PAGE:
About Me

My photo
Beverly Hills, California, United States
Eli Kantor is a labor, employment and immigration law attorney. He has been practicing labor, employment and immigration law for more than 36 years. He has been featured in articles about labor, employment and immigration law in the L.A. Times, Business Week.com and Daily Variety. He is a regular columnist for the Daily Journal. Telephone (310)274-8216; eli@elikantorlaw.com. For more information, visit beverlyhillsimmigrationlaw.com and and beverlyhillsemploymentlaw.com


Monday, March 07, 2016

Supreme Court sets April hearing for immigration case

The Hill
By Lydia Wheeler
March 3, 2016

The Supreme Court has set a date for oral arguments in a case challenging President Obama’s executive actions on immigration.

The case, United States v. Texas, will be argued on April 18, a Monday.

The programs Obama launched through executive action last year to shield as many as 5 million immigrants from deportation have been on hold since a federal judge ruled that Texas and 25 other states have a legitimate basis to challenge them.

The states argue the Deferred Action for Parents of Americans (DAPA) and Deferred Action for Childhood Arrivals (DACA) programs would increase their costs for healthcare, law enforcement and education. Texas specifically claims it would be financially burdened by having to issue more drivers’ licenses, which is now a state-subsidized benefit.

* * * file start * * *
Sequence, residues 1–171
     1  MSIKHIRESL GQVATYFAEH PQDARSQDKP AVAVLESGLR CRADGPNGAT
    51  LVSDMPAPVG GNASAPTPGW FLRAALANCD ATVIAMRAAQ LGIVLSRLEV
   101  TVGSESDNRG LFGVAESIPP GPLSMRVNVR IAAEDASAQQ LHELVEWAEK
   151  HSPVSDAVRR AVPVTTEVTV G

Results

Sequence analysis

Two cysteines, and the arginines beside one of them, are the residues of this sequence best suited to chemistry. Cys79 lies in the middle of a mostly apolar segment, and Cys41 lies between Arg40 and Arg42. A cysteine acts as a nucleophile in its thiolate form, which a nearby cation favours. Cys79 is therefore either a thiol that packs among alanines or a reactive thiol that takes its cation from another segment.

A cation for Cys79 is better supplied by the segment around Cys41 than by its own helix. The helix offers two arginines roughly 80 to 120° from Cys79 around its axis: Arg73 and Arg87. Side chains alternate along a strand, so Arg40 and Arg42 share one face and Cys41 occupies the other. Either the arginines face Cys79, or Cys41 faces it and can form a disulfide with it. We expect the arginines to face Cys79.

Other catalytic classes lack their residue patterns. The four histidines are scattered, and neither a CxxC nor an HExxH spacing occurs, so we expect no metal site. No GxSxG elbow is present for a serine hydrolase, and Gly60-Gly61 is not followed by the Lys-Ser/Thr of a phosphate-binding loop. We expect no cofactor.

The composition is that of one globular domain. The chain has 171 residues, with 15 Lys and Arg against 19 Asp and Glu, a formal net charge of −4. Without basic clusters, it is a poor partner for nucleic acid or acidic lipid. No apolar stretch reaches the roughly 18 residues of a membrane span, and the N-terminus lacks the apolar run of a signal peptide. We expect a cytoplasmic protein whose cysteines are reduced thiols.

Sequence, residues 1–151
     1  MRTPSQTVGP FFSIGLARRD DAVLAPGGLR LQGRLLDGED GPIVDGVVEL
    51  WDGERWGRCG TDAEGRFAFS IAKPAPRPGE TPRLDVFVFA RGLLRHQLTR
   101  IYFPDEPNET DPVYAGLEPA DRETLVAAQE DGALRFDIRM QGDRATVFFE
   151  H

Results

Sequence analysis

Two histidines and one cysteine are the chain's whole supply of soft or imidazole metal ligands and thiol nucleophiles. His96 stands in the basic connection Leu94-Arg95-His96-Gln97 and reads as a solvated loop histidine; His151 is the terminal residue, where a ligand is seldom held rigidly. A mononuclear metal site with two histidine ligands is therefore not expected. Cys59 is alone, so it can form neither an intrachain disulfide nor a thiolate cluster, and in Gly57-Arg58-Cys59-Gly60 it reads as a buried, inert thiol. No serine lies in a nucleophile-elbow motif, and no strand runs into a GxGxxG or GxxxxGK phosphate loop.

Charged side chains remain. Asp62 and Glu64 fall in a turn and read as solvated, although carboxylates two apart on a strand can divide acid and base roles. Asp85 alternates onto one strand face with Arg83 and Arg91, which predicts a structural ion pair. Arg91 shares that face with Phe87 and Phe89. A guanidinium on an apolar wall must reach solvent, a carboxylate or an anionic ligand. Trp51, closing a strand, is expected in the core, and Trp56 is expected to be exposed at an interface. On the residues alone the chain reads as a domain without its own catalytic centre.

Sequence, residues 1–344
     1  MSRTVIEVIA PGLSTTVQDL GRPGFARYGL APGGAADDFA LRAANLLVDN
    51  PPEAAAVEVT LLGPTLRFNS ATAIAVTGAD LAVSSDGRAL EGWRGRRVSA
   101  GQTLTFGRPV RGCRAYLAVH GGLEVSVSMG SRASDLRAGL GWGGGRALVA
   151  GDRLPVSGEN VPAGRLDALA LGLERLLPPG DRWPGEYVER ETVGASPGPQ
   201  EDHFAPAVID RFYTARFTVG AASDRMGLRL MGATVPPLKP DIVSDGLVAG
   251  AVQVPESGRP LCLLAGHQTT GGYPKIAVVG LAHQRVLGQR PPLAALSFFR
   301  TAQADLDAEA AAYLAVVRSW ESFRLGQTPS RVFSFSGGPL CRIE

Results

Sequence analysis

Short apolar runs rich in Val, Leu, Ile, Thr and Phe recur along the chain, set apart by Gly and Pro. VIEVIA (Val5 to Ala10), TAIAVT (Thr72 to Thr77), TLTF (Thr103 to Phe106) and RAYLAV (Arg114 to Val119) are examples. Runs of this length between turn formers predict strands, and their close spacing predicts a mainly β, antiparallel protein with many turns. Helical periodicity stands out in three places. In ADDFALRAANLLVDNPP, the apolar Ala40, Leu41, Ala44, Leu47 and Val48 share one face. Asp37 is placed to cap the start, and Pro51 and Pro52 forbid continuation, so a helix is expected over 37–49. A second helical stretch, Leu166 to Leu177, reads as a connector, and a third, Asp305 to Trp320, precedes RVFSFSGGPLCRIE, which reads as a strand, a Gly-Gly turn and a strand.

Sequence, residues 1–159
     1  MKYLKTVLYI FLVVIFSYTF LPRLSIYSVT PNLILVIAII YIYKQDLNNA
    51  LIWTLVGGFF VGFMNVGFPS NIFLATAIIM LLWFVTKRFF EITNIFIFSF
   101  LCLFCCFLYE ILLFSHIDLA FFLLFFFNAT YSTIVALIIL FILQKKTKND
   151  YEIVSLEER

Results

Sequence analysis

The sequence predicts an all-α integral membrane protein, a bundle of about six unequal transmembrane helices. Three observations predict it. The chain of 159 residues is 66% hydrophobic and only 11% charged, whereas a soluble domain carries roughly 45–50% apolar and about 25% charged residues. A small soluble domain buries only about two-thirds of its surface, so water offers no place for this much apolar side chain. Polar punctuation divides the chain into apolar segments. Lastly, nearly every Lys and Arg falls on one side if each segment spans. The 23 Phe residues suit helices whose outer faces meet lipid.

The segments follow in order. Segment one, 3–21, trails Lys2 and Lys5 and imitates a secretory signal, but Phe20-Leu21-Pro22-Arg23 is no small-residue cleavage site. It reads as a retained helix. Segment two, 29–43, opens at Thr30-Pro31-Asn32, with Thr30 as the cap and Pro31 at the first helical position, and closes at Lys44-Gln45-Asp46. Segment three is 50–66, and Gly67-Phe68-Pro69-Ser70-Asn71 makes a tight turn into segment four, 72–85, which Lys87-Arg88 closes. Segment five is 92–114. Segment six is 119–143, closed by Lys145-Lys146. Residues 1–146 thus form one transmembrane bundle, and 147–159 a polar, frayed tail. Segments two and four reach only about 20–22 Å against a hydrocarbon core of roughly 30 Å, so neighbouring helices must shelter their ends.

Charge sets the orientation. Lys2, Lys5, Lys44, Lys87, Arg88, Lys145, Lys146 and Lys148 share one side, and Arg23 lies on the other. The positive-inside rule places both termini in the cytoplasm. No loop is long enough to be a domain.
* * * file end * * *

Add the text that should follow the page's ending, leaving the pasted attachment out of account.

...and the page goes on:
The justices are being asked to weigh whether the actions are illegal and whether a state that voluntarily provides a subsidy to some immigrants has standing to the bring the case.

Because the government argues that the programs serve as guidance for the Department of Homeland Security on which immigrants to deport, the justices will also consider whether that guidance was subject to notice and comment procedures under the Administrative Procedure Act.

Earlier this week, the House said it would vote in the coming weeks on whether to allow Speaker Paul Ryan (R-Wis.) to file a brief on the legality of the president’s actions. Ryan reportedly said the president is “not permitted to write law — only Congress is.”

“The House will make that very, very clear, and we will do so as an institution on behalf of the American people, on behalf of representative self-government,” he added

For more information, go to:  www.beverlyhillsimmigrationlaw.com

No comments: